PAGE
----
Keto Queen Makes Millions with Ancient Indian Ghee
Ancient Indian ghee butter has been turned into gold by a Brazilian entrepreneur. Raquel Tavares, who lives in Los Angeles, California, founded the company Fourth & Heart with her life savings of $80,000. She went on to make millions selling ghee butter, a sugar-free healthy fat that's popular with people on keto diets.
Tavares is a Brazilian-born businesswoman based in California, and her company now sells 15 different products. According to a report in the Daily Mail , in 2016, Fourth & Heart made $2.2 million in revenue selling ghee butter, a form of highly-clarified butter that has been used since ancient times.
Wedging an Ancient Gap in a Tough Market
Ghee is popularly used in Middle Eastern cooking and traditional medicines, but the substance is believed to have emerged in ancient India. While to some it is no more than a popular food-fad, to others, it is an essential part of the keto diet. What’s more, this lactose-free butter stands up to being kept on the shelf at room temperature, instead of in refrigerators.
Tavares is both an entrepreneur and yogi, and in 2013 she got to thinking about the potential market for shelf-stable butter, and so Fourth & Heart was born. Investors were initially critical of Tavares for attempting to enter the butter industry, which is supported by agriculture and dairy giants.
Closeup of ghee butter - famous cooking ingredient and element of the keto diet. ( Studio Dagdagaz / Adobe stock)
How Ancient Foods Turned $80K into $18M
Tavares told Today Food that when she first launched her company, healthy fats like avocado oil were becoming more and more exposed to consumers. Her ghee product directly added to that emerging market, while at the same time having minimal direct competition. Tavares, being a yoga instructor, created the name Fourth & Heart after being inspired by the fourth chakra of the body: the heart, and she claims yoga gave her “patience”, which allowed her to “change course on the fly.”
The reason ghee has become so popular with the keto diet community is because it is high in fats and low in carbs, supplying healthy easy-to-digest oils into daily meals. This formula not only leapt from $80K to $2.2 million in revenue, but Tavares told Today Food she's since raised over $18 million in funding for her company.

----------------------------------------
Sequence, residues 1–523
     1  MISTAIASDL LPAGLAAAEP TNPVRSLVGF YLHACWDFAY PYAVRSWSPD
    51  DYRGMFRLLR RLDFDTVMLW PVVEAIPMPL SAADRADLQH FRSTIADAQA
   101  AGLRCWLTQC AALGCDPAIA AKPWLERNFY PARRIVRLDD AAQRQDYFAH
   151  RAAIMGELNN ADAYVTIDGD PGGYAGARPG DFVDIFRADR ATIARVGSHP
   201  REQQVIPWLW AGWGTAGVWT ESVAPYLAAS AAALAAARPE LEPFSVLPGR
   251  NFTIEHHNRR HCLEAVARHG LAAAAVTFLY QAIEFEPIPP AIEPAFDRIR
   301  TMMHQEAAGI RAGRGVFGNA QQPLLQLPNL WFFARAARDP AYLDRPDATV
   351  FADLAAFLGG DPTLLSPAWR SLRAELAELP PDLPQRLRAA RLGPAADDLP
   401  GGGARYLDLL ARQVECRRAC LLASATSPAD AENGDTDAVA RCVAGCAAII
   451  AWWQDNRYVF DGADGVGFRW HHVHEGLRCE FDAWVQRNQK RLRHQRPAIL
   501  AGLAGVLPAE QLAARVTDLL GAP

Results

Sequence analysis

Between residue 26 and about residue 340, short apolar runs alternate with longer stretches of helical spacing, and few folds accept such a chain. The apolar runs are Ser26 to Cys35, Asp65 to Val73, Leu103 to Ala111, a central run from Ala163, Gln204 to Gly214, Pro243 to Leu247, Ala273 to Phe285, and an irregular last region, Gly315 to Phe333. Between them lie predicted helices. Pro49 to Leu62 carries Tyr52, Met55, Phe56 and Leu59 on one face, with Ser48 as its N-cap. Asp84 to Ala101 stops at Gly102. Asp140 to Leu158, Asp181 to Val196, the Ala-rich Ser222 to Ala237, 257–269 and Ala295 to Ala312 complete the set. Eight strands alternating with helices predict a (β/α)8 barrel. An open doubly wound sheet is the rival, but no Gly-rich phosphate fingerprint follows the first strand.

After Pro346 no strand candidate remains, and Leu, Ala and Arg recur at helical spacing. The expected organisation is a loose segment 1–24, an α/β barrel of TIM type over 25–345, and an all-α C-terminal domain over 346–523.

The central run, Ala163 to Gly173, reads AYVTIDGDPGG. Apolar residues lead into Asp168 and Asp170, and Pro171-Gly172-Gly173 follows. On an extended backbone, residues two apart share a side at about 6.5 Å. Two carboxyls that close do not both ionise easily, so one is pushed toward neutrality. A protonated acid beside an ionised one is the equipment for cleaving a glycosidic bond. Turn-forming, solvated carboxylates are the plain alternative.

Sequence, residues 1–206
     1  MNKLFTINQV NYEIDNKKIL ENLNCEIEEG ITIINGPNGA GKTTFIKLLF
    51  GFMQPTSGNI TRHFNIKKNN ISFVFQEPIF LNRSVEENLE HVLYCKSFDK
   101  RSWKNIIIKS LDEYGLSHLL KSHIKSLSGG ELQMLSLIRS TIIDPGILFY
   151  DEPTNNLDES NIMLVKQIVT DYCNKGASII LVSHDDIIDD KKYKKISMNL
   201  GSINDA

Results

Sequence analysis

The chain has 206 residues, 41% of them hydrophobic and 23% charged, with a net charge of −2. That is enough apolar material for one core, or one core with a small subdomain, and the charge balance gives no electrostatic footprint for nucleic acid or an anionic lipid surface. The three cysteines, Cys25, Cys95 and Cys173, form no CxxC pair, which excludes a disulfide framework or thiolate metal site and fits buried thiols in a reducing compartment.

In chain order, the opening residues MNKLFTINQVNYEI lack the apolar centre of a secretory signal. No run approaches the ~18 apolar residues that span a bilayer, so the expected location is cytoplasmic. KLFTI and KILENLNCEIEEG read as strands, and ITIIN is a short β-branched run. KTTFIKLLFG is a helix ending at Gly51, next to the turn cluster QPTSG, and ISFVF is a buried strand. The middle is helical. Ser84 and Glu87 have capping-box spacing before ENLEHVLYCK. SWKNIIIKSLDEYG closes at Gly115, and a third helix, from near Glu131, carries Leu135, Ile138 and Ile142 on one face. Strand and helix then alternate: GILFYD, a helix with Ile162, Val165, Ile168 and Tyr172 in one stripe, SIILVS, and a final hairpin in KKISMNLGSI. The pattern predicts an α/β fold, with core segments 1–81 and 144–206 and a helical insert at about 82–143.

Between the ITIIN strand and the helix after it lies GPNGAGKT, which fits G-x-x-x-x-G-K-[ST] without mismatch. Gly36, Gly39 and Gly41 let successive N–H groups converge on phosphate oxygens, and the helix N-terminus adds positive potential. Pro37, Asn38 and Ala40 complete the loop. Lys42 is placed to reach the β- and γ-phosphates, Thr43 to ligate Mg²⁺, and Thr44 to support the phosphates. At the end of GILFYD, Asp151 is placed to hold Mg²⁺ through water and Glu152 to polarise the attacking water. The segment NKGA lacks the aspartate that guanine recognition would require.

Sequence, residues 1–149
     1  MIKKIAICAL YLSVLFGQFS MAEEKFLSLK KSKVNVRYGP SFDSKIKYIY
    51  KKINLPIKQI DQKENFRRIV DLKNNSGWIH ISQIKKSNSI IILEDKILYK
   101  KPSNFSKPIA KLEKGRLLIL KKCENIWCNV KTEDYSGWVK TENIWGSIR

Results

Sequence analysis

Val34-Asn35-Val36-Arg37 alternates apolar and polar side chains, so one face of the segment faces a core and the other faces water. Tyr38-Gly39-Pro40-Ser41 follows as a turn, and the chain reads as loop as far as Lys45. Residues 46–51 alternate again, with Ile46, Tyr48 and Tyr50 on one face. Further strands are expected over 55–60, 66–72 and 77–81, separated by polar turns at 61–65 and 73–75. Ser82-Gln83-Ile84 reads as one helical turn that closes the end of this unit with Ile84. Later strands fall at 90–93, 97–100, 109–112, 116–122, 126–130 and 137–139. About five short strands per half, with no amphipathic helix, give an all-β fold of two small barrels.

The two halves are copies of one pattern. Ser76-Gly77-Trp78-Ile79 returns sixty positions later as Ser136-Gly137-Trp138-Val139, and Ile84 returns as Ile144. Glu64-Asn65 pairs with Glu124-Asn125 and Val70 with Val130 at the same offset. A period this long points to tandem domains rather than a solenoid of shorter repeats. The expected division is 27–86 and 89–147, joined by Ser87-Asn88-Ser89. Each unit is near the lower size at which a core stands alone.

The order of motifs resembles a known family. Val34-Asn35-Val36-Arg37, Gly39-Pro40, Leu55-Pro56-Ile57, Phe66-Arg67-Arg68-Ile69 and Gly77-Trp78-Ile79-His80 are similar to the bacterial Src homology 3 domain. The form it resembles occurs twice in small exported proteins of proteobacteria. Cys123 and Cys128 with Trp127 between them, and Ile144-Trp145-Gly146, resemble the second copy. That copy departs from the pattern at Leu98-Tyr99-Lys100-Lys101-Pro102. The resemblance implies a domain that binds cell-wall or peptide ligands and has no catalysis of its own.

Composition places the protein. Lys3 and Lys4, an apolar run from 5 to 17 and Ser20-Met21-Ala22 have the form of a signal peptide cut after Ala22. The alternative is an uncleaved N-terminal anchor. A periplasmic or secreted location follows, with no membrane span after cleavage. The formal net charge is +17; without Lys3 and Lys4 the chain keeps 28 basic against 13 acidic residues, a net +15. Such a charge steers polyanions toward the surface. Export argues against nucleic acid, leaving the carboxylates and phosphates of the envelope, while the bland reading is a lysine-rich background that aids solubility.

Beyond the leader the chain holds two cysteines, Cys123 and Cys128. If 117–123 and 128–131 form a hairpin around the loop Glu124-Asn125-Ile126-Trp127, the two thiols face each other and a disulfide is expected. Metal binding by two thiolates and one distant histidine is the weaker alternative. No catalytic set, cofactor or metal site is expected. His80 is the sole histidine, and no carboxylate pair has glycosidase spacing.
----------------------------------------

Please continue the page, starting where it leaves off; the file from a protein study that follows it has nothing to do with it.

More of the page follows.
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The ’Did You Know' of Keto Diets
Tavares told Forbes magazine that she didn't know how fast her new company would take off, and she admitted being shocked by how quick her product started trending. Now, her Californian produce can be found on the shelves of popular stores including Ralph's, Target and Whole Foods. Tavares told Today Food that sometimes she has to take a moment to say, “wow look what I've created. Look at what we've created.”
If you’ve followed eating trends over the last decade or so, you can’t have avoided hearing of the high-fat, low-carb ketogenic diet, which has captivated popular culture. However, the modern history of this often-misunderstood diet, you might be surprised to learn owes its origins to groundbreaking epilepsy research completed almost a century ago.
Keto diet food ingredients. ( George Dolgikh / Adobe stock)
Ancient Diets to Help Epilepsy
Tavares’ healthy products not only help people on keto diets to achieve and maintain weight loss while maintaining muscle growth, but they are also consumed by children with epilepsy for whom traditional seizure medications don’t work. According to an article on Nation Wide childrens.org , when this happened in history, doctors mimicked a treatment “from ancient times”, the ketogenic diet.
The Bible refers to starvation as a treatment for seizures, and in references dating back to 500 BC, limiting or providing excess amounts of certain substances was sometimes found to be an effective treatment for physical ailments. In 1911, however, two physicians in Paris starved 20 patients and noted a reduction in seizures, but for obvious reasons this was not a long-term treatment.
In 1921, the ketogenic diet was first discovered as a long-term treatment for epilepsy and until 1970 the diet was used when medications didn’t work. Children usually ate large amounts of fat, just enough protein and limited fruits and vegetables, but the diet proved more difficult for older children being deprived of foods they loved in the past.
Top image: Ghee in a pot with spoon. Source: vm2002 / Adobe stock
By Ashley Cowie